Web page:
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Making meaning

Read why most people aren't born with a burning sense of purpose, but make meaning and purpose by experimenting in their lives.
SPEAKER: This is Deakin University where I work, and universities are meaning-making machines. Everything we do is about trying to understand how the world works– in our research, in how we teach students, in how we engage with the communities around us. And that’s why I love working at a university. It makes me feel like I’m part of something bigger. And it makes me feel like I’m making a contribution by being part of this larger system. And I’m no different to anyone else. The research is actually really clear about this. The number one thing that drives people’s work satisfaction is a sense of purpose. A sense of meaning. A sense that they are making a contribution.
And making a contribution can happen in all sorts of ways. Sometimes it’s about the colleagues we work with. It’s about us supporting them and them supporting us. Sometimes it’s about doing what we do really well and really thoroughly and getting a sense of satisfaction out of that. When we talk of finding purpose or meaning, sometimes we tend to think of this as something earth shattering, but it’s not. It happens in all sorts of ways. And even though I work here in this big university, I have to remind myself of this all the time. And it often comes down to when I’m having a conversation with a colleague, and I see them smile at the end of our conversation.
And I know something’s happened in that interaction. Sometimes I hear of one of our students who’s done something astounding and that drives it home to me again. So that negotiation of a sense of meaning always comes from being part of that big picture and then being part of those small moments and that moment to moment interaction with the people we’re with every day. That’s a really, really big part of resilience.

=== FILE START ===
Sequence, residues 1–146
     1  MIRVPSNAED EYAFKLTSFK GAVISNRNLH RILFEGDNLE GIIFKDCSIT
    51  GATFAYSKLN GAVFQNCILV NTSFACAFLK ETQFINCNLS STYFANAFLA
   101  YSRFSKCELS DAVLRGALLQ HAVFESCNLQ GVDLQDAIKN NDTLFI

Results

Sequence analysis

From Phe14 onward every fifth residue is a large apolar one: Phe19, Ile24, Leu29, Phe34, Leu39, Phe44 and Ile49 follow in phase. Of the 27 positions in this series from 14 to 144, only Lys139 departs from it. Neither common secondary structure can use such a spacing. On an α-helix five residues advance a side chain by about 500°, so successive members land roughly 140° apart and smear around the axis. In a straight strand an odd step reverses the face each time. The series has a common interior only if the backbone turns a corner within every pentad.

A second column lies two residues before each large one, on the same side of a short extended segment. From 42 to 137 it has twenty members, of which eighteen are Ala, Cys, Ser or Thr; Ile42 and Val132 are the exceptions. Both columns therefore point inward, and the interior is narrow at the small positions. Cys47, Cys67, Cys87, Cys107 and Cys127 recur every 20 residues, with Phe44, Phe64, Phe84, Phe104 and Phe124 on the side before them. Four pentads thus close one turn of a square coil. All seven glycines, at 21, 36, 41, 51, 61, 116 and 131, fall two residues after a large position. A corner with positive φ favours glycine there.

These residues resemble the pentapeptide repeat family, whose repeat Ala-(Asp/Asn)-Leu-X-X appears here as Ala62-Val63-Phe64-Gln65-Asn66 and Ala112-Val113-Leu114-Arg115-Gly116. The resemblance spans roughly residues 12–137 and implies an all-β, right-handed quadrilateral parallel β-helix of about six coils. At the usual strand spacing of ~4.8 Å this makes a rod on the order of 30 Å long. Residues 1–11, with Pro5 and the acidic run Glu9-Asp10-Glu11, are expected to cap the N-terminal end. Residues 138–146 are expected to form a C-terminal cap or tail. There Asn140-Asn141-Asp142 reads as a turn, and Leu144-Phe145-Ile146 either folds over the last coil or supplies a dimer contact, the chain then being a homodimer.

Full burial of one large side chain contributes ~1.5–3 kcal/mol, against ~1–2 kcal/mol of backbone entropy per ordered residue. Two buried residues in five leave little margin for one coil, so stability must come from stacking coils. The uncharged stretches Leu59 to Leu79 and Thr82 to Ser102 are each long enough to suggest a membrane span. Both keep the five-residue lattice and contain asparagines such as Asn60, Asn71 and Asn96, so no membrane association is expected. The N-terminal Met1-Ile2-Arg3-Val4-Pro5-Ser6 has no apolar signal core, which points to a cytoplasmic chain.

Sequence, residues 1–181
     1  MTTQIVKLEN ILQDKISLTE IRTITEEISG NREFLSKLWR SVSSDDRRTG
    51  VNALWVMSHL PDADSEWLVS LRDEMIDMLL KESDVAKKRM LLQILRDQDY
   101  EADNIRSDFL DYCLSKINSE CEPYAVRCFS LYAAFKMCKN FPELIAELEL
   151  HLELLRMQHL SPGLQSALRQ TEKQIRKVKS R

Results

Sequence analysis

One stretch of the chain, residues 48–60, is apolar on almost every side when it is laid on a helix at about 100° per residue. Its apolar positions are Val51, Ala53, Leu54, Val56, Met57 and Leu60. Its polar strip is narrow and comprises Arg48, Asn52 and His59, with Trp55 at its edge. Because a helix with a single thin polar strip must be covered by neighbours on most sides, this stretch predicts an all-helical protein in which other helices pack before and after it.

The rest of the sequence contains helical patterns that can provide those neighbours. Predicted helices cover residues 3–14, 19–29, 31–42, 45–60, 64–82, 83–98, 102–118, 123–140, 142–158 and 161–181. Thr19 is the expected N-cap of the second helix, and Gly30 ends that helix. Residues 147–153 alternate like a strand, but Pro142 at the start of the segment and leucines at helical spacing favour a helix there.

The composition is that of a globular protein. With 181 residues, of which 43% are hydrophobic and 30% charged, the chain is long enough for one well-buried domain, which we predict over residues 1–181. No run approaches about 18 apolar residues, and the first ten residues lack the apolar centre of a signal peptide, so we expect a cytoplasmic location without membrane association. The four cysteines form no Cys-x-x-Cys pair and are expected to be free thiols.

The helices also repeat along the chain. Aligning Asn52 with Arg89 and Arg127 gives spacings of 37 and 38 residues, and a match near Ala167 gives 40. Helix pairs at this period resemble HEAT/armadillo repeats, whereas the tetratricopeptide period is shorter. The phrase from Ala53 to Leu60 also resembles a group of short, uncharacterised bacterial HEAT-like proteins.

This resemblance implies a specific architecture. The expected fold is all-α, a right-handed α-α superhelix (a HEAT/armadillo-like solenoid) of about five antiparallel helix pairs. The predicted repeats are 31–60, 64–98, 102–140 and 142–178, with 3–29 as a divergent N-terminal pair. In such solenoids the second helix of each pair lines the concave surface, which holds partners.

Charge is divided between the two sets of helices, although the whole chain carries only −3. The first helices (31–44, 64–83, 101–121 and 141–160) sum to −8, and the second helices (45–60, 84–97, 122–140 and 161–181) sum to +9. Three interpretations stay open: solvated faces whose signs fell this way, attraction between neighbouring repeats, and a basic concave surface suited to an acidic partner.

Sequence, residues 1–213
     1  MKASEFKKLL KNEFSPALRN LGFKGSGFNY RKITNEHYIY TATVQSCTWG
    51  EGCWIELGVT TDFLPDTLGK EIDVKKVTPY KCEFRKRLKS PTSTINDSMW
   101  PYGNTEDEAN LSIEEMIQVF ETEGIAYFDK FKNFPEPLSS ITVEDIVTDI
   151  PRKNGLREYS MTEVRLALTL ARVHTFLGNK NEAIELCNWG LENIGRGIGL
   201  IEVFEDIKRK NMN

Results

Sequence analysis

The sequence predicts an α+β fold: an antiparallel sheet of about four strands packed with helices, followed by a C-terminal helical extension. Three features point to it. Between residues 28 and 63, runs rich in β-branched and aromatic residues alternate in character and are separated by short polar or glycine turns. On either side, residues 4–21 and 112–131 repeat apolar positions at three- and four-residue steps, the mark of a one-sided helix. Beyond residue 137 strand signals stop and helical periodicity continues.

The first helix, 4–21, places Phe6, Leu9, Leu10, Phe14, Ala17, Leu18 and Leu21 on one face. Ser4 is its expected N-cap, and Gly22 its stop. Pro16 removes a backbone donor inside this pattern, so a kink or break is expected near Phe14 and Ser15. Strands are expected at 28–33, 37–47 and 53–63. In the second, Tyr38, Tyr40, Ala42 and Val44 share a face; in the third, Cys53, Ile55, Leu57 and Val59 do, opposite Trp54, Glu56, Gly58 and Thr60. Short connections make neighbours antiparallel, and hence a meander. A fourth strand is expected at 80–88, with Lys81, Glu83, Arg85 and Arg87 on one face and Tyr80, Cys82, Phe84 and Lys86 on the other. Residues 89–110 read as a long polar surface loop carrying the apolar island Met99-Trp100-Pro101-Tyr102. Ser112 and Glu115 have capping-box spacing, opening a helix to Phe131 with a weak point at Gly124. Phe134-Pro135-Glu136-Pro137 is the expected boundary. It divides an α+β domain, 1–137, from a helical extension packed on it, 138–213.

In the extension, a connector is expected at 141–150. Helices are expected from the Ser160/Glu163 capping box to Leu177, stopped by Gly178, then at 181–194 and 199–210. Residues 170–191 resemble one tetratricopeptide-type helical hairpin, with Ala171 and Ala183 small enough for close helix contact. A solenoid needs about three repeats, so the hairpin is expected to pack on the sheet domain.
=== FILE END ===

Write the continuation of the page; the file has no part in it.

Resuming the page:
We aren’t born with a burning sense of purpose. We make meaning and purpose by experimenting in our lives.
Carol Ryff and colleagues at Wisconsin-Madison University have been working on a model of happiness and wellbeing that draws its framework from the ancient Greek notion of ‘flourishing’.
This idea of wellbeing as flourishing is similar to Laurie Leitch’s idea, which we explored in the first week of this course: that is, resilience isn’t just the ability to ‘bounce back’ in times of adversity, but is also about our capacity to be ‘more generative during times of stability’.
In the next few steps we’ll explore the relationship between meaning or purpose and how our interactions with – and empathy for – others are related, and how these help us to flourish.

Meaning, purpose and positive relationships

Two of the essential components in Ryff’s framework are purpose in life and positive relationships.
Ryff and her colleagues have also shown that those who have a clear sense of purpose live longer, show better cognitive skills with ageing, have lower rates of depression and are at lower risk of dementia or Alzheimer’s disease.
People find meaning and purpose in their life and work in incredibly different ways.


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For example, University of California, Berkeley, psychologists Morten Hansen and Dacher Keltner suggest this can range from altruism to achieving status and power. However, other research shows that the primary way most workers tend to find meaning is by having a sense that their efforts are having a positive impact on other people’s lives.

‘Crafting’ to find meaning in work

In a fascinating study, Amy Wrzesniewski from the Yale School of Management found that some people actively ‘craft’ their job to find additional meaning.
They do this by choosing to frame their work in particular ways or by focusing on certain aspects of their job.
For example, Wrzesniewski found that hospital workers who cleaned patient rooms clearly fell into two groups: those who found their job meaningless and difficult, and those who found meaning and satisfaction in their work.
The group that found meaning tended to focus on the interactions they had with patients and had developed particular routines to emphasise this. One worker, for instance, described how they set up their rounds to circle back to the rooms of those who didn’t seem to have many visitors.
As Wrzesniewski notes:
It was not just that they were taking the same job and feeling better about it, pulling themselves up by their bootstraps and whistling. It was that they were doing a different job.

Your task

Watch the video and reflect on what gives you meaning in your work (you may also want to watch Wrzesniewski’s video listed under the see also resources).
  • Has this changed over time?
  • Have you used ‘crafting’ strategies to re-emphasise or redefine some of your work to make it more meaningful?
  • Can you see this approach as being useful?
Share your thoughts on job crafting and finding meaning in work with other learners in the comments.
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